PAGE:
Late afternoon into early summer evenings can be a highly productive time to fish wet flies, especially if you have a strong hatch and active feeders. Of course, it’s a good idea to fish a team of three (give the trout a choice) and match the hatch (you can match multiple hatches with a team of three wets). If you hit it right, you’ll be the angler that everyone wants to quiz in the parking lot.
Wets will often out-fish dries during the early and mid-stages of a hatch. But there comes a time when you should stop fishing wets and switch to dries. Some of the cues are visual: you begin to see trout taking insects off the top of the water, or the rises leave a bubble (indicating the fish has broken the surface while eating). Others are self-evident: you’ve been pounding up fish on wets for an hour, the feed is still in full swing, but you’re no longer getting hits. Learn to find this moment in time consistently, and you’ll be on your way to catching more fish. Keep a dry fly leader in a handy pocket so you can make the switch even faster.
I have not been fishing Stewart’s Dun Spider nearly enough this summer. This soft hackle has sulphurs written all over it. Change the silk to a light olive for Attenuata? Hmmm…
I recently published a short feature series on W.C. Stewart’s spiders, three ancient and traditional Scottish soft hackles. They first appeared in print in Stewart’s 1857 book “The Practical Angler or the Art of Trout Fishing, more Particularly Applied to Clear Water.” Here now is a single reference list of the trio: the Black Spider, Red Spider, and Dun Spider, a photo of each pattern, and a link to the original post with my comments and tying instructions. If you’re interested in reading an online copy of Stewart’s Book, you can find one here.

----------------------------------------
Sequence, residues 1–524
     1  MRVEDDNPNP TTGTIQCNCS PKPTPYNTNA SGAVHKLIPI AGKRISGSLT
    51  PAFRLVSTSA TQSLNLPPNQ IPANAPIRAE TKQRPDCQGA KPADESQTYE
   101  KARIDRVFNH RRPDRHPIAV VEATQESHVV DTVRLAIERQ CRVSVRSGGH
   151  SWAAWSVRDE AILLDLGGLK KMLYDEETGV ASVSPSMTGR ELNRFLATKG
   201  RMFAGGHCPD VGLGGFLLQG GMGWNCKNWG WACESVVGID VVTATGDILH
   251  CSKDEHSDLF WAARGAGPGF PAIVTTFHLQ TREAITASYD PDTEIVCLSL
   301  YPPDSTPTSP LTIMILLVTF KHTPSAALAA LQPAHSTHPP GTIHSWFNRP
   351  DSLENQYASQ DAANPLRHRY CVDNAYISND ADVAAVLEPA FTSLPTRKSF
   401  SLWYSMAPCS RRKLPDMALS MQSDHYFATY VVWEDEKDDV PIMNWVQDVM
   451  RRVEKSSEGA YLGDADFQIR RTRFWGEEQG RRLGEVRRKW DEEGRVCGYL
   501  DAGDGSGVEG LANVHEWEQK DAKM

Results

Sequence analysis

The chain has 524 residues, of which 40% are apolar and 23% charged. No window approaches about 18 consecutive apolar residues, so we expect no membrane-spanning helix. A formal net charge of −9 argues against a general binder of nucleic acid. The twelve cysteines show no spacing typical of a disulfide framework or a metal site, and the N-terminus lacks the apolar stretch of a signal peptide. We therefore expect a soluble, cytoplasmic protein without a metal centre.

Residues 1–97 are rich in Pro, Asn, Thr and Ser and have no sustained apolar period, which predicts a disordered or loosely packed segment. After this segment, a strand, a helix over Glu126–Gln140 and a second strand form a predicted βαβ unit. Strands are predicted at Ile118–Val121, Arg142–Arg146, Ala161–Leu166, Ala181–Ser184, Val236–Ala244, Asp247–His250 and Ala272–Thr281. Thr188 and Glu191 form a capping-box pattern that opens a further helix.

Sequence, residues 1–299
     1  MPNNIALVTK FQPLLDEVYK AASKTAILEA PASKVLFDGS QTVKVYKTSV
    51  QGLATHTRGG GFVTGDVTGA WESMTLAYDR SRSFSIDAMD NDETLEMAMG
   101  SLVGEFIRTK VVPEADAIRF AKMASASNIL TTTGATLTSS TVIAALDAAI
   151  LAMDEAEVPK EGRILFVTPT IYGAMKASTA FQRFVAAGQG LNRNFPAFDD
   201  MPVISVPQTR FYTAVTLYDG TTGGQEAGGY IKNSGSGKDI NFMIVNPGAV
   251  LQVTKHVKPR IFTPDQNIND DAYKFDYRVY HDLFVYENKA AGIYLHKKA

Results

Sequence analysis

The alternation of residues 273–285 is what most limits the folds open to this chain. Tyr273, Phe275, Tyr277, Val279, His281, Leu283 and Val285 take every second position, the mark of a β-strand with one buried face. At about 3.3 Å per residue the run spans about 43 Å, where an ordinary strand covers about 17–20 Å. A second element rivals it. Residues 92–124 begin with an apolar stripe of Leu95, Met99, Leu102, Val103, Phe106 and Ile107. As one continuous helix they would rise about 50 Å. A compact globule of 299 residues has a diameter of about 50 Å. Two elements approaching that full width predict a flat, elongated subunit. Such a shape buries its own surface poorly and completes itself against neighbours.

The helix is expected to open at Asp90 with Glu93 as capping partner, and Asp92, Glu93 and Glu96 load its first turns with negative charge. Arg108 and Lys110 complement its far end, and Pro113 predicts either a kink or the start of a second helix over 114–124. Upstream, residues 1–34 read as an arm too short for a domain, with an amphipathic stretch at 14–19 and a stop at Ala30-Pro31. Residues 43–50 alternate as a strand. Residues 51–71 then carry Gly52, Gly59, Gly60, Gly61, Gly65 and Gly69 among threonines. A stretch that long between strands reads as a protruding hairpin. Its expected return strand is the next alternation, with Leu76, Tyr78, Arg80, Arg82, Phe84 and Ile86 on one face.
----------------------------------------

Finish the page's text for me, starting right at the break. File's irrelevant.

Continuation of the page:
W.C. Stewart on the soft-hackled feather: “So soft are they, that when a spider is made of one of them and placed in the water, the least motion will agitate and impart a singularly life-like appearance to it.” — W.C. Stewart
I don’t know if W.C. Stewart had yellow sallies or sulphurs on his wee Scottish burns. But we have them here in the States, and Stewart’s Dun Spider does a bang-up job of imitating those hatches. Try fishing this on a small stream as a dropper off a bushy dry — or as a dry-wet tandem during a sulphur emergence. (You can thank me next time you see me.)
Every fly tier has a good supply of dotterel on hand…uh…hold on…dang! Turns out, not so much, even in Stewart’s time (mid-19th century). You can substitute with webby dun hen, or heed the sage advice of the man himself:
Stewart’s Dun Spider
Hook: 14-15 (from Leisenring). I used a Partridge SUD2 #14.
Hackle: Dotterel (I used a feather from the inside of a starling wing)
Body: Working silk
Tying Notes: The silk body should cover only the front half of the shank. Select a feather with fibers about as long as the shank. To make a more durable fly, Stewart suggested twisting the hackle around a silk tag before winding. Here’s how I did that: Start the silk at the head, winding rearward. Leave a 3″ tag about 3/4 of the way down the body. Continue winding the working silk. At the halfway point of the shank, proceed back toward the head. When you get to the silk tag, tie in the feather at its tip, and continue winding your working silk toward the head. Now, twist the feather around the silk tag, taking care not to break the spine (starling is fragile!). If you look closely at the photo, you can see the silk reinforcement around the spine of the feather. Wrap the feather toward the head, 3-4 turns, preening the fibers so they don’t get covered (a bodkin or needle may help). Tie down the feather and whip finish.